25 Phrases You Need to Know for Business Negotiations in English

Negotiation is part of most business operations. It’s through negotiation that you create a business environment that supports making profits and serving your customers. Business deal making creates mutually beneficial bonds with employees, suppliers, customers, unions, government agencies, industry oversight boards, and the general public.

Due to the importance of joint decision-making in business, it’s important that managers attend at least one negotiating class designed to sharpen their skills. In training and within the business environment, there are some common phrases people in business come across when discussing joint agreements. Here is a list of 25 useful phrases and explanations of what the phrases may signify during business negotiations.

Making a Proposal

Creating an offer requires research and preparation. It’s wise to hold clear objectives in mind. Outline the possible outcomes of your meeting as well as undesirable outcomes. Prepare some alternative offers ready in case your initial offer meets some resistance. Some of the business English phrases most associated with making a proposal include:

  1. We would like to outline our aims and objectives.
  2. We propose that…
  3. Our position is…
  4. Would your team consider…?

Accepting Proposals

When negotiators agree to the terms and are ready to sign the deal, they may start using positive phrases. Some of the most common phrases at this point include:

  1. We are ready to sign.
  2. Let’s wrap this up.
  3. We can move forward and let the lawyers look at the fine print. 

Rejecting Proposals

It is the nature of dealmaking that some offers and proposals may not appeal to all involved. In negotiation classes, business managers learn how to use phrases that show dissatisfaction without closing the door to future engagement. A proposal rejection needs to be firm without being rude. Some common negotiation phrases used to signal a rejection of a proposal include:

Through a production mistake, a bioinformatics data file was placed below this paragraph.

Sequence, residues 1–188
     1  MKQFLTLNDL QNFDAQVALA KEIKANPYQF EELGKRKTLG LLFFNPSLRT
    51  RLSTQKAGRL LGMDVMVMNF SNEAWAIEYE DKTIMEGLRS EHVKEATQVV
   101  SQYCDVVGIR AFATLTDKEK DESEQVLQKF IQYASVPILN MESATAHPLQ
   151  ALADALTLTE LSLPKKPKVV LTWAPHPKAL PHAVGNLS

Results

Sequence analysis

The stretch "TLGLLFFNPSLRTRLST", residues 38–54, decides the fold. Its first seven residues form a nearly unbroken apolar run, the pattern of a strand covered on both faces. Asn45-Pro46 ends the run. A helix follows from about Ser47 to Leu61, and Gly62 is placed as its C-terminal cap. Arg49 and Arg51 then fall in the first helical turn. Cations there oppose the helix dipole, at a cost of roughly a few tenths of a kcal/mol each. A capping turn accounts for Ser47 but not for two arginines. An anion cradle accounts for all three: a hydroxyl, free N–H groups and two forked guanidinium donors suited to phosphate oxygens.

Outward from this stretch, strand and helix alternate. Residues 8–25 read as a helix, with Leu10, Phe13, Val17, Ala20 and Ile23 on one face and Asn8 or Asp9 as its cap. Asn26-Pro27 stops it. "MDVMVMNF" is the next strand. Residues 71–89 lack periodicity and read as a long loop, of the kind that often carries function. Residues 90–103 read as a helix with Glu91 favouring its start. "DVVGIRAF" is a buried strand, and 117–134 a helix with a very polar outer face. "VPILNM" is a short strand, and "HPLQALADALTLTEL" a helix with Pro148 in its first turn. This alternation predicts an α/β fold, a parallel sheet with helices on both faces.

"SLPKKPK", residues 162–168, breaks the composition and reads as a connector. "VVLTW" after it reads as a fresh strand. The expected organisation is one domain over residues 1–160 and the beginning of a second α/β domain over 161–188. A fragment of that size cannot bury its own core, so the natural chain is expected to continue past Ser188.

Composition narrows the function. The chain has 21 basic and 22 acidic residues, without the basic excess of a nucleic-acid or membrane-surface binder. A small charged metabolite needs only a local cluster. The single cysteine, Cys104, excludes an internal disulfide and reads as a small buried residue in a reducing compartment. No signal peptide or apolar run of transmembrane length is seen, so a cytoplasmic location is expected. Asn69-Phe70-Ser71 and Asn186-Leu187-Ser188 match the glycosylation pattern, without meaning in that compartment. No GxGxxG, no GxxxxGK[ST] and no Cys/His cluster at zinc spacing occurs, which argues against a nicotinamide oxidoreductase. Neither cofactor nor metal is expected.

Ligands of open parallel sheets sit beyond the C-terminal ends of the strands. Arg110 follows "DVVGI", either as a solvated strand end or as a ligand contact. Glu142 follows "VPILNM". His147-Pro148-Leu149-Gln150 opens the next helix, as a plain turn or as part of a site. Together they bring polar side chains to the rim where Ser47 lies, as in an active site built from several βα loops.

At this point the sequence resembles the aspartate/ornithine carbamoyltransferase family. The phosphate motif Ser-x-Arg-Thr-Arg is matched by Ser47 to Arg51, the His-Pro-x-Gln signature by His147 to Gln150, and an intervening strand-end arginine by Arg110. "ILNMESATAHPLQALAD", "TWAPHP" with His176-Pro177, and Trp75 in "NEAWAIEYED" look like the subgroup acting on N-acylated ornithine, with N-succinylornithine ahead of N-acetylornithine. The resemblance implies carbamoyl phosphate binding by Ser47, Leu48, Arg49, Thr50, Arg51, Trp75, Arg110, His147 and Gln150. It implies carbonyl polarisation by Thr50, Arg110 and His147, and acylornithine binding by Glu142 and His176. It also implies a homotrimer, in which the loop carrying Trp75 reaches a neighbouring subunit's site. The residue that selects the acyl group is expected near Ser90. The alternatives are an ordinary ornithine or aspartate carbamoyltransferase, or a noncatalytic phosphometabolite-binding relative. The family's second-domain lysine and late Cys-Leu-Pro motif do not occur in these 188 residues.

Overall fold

1. I’m afraid we can’t agree to…
  2. No, those terms are unacceptable to us.
  3. We are not interested.

Making a Compromise

Business talks are often characterized by offers and counteroffers. At times, an offer may seem acceptable except for a few clauses. To come to agreeable terms, businesspeople will often trade and claim value, creating a hybrid offer out of the previous offers and counteroffers. The language used when making a compromise may include:

  1. How flexible are you on…?
  2. We could sign if you…
  3. We may accept your offer on condition that…

Making an Objection

Dealmaking involves some give and take. On occasion, you may need to object to a proposal. It would be wise to be polite yet firm. Most business people may want to object to a clause while making a counteroffer at this point. Some common business negotiation phrases for making an objection include:

  1. We understand your position; however…
  2. From our perspective…
  3. I’m afraid we find those terms unfavorable.

Responding to a Suggestion

When making offers and counteroffers, suggestions may be floated to improve the deal. If you have attended negotiation classes, you probably possess skills to gracefully accept favorable suggestions or politely decline unfavorable suggestions. Some business negotiation phrases you may want to use in response to suggestions include:

  1. As an alternative, we propose…
  2. The suggestion makes the proposal less attractive because…

Cultural Idioms

Like in most situations, there are some cultural idioms associated with negotiation. Idioms are phrases that tend to mean more than the words suggest. Idioms are usually influenced by the culture of the speaker. Some common idioms you may come across in an English-speaking business negotiation setting include:

  1. Draw a line in the sand: This can mean to refuse to compromise beyond a certain point. For instance, refusing to lower prices beyond a particular figure.
  2. Back and forth: Refers to when people with different interests make offers, counteroffers, suggestions, reconciliations, and compromises as they seek to come to an agreement.
  3. Drive a wedge between: To say or do something that causes hostility or disagreement between people.
  4. Drive a hard bargain: Means to show very little willingness to make compromises when talking over a deal.
  5. Come to terms: Gradually reconcile interests and come to an agreement.
  6. Give and take: The act of making mutual compromises to move a discussion toward an agreement.
  7. Stand one’s ground: To be firm on the conditions you have set.

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